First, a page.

Arsenal 2301

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Arsenal 2301
SFECMAS 1301.png
SFECMAS 1301, late in development
Role Full scale, piloted glider model of fighter aircraft
National origin France
Manufacturer Arsenal de l'Aéronautique
Designer Jean Galtier
First flight 29 November 1951 (16 January 1953 as delta)
Number built 1

The Arsenal 2301, Arsenal Ars.2301, SFECMAS 1301 or SFECMAS Ars.1301 was an experimental French air-launched glider, built to test the aerodynamics of aircraft of novel configuration at full scale. It first flew in 1951 with swept wings but after 1953 it had a delta wing. Trials with this wing established the layouts of the Nord Gerfaut and Griffon.

Design and development[edit]

In the 1950s more than one French aircraft design was tested with larger scale glider models than could be put into wind-tunnels. These were piloted and launched from the top of a large aircraft like a SNCASE Languedoc, as was the SCAN 271[1] or alternatively towed to altitude.[2] The Arsenal 2301 was a full-scale model of a proposed rocket powered fighter aircraft which developed German ideas on swept wing aircraft expressed in the wartime DFS 346. It was a wooden aircraft,[2] with swept, straight tapered mid-wings, square tipped at right angles to the leading edge. The fuselage was long and fine, with the cockpit well forward of the wing. The fuselage began to taper to the pointed nose just behind the canopy. The vertical tail was swept, straight tipped and tapered, though there was a curved fillet between the fin root and the fuselage. An all-moving tail, straight tapered, square tipped and with sweep on its leading edge, was placed about one-third the way up the fin.[3] The 2301 had a bicycle landing gear, with a fixed main wheel under the central fuselage and a small, retractable nose wheel;[2] retracting stabilizing wheels were positioned near the wing tips.[3] Its span was 8 m (26 ft 3 in) and length 14 m (45 ft 11 in). Its primary purpose was to explore the low speed characteristics of the design.[2]

The Ars.2301 made its first flight on 29 November 1951, towed behind the Languedoc.[2] During the following year Arsenal became SFECMAS (Société Française d’Etude et de Constructions de Matériel Aéronautiques Spéciaux),[4] which affiliated with SCAN on 1 January 1953, and the Arsenal 2301 became the SFECMAS 2301 or sometimes the SFECMAS Ars.2301. The rocket fighter project was dropped in favour of a delta wing fighter design that would become Jean Gaultier's Nord Gerfaut. The original swept wing of the Ars.2301 was replaced by a pure, aerodynamically thin delta designated SFECMAS 1301; otherwise, initially, the aircraft was unchanged. making its first flight on 16 January 1953.[3] The details of its development are obscure but photographs show that the wing tips were slightly cropped. The tailplane was altered more, moved up the fin and made smaller and delta shaped; the Gerfaut's small delta tailplane was similar but clipped. In its final form the Ars.1301 had an even smaller delta fore-plane.[3][5] Typically test flights were launched from the Languedoc at about 6,300 m (20,700 ft).[3]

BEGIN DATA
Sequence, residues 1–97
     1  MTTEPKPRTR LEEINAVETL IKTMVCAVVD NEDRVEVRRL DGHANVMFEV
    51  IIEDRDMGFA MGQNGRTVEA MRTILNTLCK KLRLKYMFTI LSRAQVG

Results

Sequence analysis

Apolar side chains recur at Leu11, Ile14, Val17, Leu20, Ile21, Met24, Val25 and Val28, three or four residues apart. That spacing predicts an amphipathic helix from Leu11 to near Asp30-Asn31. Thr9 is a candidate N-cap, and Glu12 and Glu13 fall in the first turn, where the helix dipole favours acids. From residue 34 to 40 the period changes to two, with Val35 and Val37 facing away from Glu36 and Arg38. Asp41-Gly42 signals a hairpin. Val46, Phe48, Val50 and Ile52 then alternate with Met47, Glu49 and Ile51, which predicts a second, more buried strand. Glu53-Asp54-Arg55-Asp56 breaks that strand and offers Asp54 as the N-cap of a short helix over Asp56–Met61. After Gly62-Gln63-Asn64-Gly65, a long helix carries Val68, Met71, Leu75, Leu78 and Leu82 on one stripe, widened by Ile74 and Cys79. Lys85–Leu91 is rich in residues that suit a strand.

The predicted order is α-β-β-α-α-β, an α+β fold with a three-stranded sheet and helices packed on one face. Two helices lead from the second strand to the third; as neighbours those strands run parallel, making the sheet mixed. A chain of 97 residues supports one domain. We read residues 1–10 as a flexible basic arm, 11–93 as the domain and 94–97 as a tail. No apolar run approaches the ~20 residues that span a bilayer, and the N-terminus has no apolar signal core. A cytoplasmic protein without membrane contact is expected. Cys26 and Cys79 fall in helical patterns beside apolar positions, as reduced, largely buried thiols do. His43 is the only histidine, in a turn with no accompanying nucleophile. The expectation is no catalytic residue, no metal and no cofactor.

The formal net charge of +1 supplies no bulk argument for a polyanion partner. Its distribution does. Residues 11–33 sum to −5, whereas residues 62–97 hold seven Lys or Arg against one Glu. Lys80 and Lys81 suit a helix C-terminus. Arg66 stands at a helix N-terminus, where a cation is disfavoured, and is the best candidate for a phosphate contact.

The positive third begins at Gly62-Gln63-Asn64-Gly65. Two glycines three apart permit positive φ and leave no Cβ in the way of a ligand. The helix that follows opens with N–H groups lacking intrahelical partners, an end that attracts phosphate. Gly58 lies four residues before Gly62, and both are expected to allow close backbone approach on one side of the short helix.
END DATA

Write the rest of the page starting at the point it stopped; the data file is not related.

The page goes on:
The Gerfaut first flew on 15 January 1954;[6] in 1955 SFECMAS and SCAN were completely merged, becoming the nationalized Nord Aviation in 1958.[6] The Nord Griffon, another Gaultier delta design, first flew on 1 September 1955; this had no tailplane but a delta fore-plane, similar to that on the final version of the Ars.1301.[5]

Variants[edit]

Arsenal 2301
Swept wing
SFECMAS 1301
Delta wing (same airframe as 2301)

Specifications (SFECMAS 1301)[edit]

Data from Gaillard (1990), p.114[3]

General characteristics

  • Crew: One
  • Length: 12.46 m (40 ft 11 in)
  • Wingspan: 8.43 m (27 ft 8 in)
  • Max takeoff weight: 1,340 kg (2,954 lb)

References[edit]

  1. ^ Gaillard, Pierre (1990). Les Avions Francais de 1944 à 1964. Paris: Éditions EPA. p. 97. ISBN 2 85120 350 9. 
  2. ^ a b c d e Bridgman, Leonard (1952). Jane's All the World's Aircraft 1952-53. London: Sampson, Low, Marston and Co. Ltd. p. 109. 
  3. ^ a b c d e f Gaillard. Les Avions Francais de 1944 à 1964. p. 114. 
  4. ^ Gaillard. Les Avions Francais de 1944 à 1964. p. 9. 
  5. ^ a b "The Galtier Delta Family". Flight. Vol. 69 no. 2464. 13 April 1956. pp. 413–4. 
  6. ^ a b Gaillard. Les Avions Francais de 1944 à 1964. p. 153.